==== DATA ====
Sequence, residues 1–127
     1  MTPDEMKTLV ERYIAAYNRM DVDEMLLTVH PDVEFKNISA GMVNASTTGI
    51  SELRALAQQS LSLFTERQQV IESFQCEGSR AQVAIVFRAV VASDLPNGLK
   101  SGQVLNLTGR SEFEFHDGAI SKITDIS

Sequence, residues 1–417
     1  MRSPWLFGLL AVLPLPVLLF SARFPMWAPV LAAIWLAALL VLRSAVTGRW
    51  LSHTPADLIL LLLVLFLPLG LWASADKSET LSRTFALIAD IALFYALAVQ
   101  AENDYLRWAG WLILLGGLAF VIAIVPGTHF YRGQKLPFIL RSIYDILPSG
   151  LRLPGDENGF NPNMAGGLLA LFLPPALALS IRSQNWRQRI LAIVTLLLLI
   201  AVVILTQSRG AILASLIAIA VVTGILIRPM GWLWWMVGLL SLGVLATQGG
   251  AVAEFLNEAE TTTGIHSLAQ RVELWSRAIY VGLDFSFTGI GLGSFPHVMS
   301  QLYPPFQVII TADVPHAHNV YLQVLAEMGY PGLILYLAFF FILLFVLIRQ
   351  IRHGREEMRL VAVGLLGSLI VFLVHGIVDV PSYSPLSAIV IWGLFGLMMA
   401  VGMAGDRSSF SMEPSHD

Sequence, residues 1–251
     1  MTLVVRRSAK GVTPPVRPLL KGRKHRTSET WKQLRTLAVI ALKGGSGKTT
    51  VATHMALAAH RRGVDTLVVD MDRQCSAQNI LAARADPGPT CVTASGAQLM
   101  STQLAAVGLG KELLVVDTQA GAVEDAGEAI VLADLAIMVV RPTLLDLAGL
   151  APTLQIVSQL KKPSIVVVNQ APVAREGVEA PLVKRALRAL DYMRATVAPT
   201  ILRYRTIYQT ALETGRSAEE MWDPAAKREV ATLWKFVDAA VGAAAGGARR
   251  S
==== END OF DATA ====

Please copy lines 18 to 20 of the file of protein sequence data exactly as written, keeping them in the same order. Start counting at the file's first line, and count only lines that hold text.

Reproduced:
   101  STQLAAVGLG KELLVVDTQA GAVEDAGEAI VLADLAIMVV RPTLLDLAGL
   151  APTLQIVSQL KKPSIVVVNQ APVAREGVEA PLVKRALRAL DYMRATVAPT
   201  ILRYRTIYQT ALETGRSAEE MWDPAAKREV ATLWKFVDAA VGAAAGGARR